With $10 million in funding, an ambitious timeline and a champion in Gov. Gavin Newsom behind it, the Legislature recently passed legislation for a statewide education data system that will follow children from infancy through the workplace.
The marching order for what Newsom is calling a Cradle to Career Data System is included in a lengthy bill elaborating on the 2019-20 state budget for education. It lays out steps over the next 18 months that will determine what the system will look like, how it will be governed, who will have access to data and how privacy and security will be handled.
As of 2016, California was one of only eight states that either didn’t have or wasn’t building a “longitudinal” data system.
With votes of 31-7 in the Senate and 62-14 in the Assembly, Senate Bill 75 is headed to Newsom for his signature.
California’s community colleges, the University of California, California State University and K-12, through a system known as CALPADS, already have comprehensive, though separate, data operations. But only by linking the systems, tracking students’ student outcomes as they move through school, will legislators, educators, researchers and the public begin to answer fundamental policy questions, such as:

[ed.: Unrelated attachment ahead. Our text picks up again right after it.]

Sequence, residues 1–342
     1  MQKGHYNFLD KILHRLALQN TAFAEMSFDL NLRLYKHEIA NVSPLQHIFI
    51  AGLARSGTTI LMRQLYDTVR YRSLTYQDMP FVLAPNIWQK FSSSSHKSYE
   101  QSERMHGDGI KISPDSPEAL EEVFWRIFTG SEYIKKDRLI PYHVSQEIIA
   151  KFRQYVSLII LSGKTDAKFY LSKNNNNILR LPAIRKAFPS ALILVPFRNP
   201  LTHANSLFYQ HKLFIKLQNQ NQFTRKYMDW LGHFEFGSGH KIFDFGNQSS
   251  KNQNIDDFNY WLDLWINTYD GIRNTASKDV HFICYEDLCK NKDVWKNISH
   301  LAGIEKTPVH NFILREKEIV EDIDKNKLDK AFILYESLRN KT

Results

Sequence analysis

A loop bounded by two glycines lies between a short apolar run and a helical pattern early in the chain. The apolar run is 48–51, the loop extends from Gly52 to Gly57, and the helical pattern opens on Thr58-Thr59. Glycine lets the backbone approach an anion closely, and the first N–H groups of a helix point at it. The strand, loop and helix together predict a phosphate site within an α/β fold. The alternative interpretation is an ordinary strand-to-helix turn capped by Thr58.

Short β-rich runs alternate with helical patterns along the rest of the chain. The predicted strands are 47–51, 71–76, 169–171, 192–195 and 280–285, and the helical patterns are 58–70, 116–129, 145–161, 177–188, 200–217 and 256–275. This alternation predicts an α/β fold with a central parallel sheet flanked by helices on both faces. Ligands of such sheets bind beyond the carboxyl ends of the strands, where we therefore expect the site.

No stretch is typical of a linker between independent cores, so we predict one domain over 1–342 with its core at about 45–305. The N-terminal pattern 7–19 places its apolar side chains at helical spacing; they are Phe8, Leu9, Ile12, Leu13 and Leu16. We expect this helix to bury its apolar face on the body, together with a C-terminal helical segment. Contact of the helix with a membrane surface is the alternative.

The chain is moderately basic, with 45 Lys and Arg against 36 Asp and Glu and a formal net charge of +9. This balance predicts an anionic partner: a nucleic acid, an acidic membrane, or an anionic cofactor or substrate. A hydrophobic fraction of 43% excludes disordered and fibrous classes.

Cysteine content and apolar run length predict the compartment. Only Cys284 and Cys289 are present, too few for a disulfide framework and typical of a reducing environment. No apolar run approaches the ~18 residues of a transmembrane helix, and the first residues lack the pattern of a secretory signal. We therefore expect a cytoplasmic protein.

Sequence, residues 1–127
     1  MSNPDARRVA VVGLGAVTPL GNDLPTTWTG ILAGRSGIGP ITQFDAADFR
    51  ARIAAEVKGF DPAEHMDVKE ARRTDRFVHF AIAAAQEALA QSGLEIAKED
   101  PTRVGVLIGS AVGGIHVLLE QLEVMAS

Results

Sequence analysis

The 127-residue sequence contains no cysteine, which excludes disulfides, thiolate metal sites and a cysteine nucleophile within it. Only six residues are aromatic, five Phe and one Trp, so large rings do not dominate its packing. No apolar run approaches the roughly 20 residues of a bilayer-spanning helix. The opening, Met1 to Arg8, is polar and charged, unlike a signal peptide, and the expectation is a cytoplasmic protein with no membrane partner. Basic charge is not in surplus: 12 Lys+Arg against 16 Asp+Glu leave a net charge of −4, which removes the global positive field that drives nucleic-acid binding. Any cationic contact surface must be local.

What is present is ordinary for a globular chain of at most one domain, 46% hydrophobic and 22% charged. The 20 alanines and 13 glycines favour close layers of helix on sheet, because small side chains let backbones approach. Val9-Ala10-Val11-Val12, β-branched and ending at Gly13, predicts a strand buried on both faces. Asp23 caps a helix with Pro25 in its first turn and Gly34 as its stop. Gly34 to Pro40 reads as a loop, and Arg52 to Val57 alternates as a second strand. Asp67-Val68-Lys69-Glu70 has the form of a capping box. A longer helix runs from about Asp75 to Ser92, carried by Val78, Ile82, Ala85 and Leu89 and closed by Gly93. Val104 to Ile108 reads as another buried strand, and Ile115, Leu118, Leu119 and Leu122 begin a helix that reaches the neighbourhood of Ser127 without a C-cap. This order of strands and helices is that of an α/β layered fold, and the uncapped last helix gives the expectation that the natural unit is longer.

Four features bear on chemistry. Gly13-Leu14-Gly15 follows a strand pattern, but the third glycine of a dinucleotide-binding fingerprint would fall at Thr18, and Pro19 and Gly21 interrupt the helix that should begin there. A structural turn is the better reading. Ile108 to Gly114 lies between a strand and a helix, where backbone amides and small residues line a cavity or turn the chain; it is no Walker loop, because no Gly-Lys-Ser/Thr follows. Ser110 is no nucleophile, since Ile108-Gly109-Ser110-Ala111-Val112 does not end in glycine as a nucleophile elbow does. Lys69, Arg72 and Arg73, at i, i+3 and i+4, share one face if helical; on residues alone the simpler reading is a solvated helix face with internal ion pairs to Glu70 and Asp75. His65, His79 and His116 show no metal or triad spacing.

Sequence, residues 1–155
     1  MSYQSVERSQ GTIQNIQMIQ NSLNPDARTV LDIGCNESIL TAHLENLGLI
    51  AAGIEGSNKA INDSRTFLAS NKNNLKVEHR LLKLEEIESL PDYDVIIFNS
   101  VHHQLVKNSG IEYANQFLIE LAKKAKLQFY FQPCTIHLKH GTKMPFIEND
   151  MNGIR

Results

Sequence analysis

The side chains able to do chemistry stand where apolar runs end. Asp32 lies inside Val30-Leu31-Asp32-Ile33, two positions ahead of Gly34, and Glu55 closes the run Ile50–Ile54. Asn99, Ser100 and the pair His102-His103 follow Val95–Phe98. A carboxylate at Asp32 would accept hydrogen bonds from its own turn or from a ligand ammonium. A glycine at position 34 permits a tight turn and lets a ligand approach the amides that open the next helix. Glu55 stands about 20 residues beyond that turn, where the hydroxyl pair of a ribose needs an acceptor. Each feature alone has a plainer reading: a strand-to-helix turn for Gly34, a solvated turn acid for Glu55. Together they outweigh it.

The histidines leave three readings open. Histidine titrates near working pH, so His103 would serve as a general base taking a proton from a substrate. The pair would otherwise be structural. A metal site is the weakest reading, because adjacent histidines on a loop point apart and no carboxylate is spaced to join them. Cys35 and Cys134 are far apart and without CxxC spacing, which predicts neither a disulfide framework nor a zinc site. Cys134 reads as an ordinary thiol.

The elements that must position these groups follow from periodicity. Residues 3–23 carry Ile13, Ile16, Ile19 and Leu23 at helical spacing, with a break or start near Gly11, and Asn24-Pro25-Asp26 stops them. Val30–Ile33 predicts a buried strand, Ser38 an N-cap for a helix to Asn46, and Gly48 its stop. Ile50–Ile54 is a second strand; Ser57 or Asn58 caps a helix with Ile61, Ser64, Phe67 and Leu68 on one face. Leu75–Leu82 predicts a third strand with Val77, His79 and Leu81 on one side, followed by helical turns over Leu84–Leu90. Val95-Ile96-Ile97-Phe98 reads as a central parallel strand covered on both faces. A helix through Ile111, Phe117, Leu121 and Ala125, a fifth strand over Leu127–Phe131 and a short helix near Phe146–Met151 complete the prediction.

- Are early education investments paying off long-term as students progress through education systems and the workforce?
- Are community college reforms increasing completion rates at CSU and UC?
- How prepared are high school students to succeed in college?
- Which career-technical education programs in high school lead to more college degrees, workplace certifications and higher pay?
- What are the long-term effects of access to state financial aid?
Legislators, college and school administrators and boards of trustees can use answers to these and other questions to implement effective education policies and set funding priorities. Parents can use information to choose programs and schools for their children.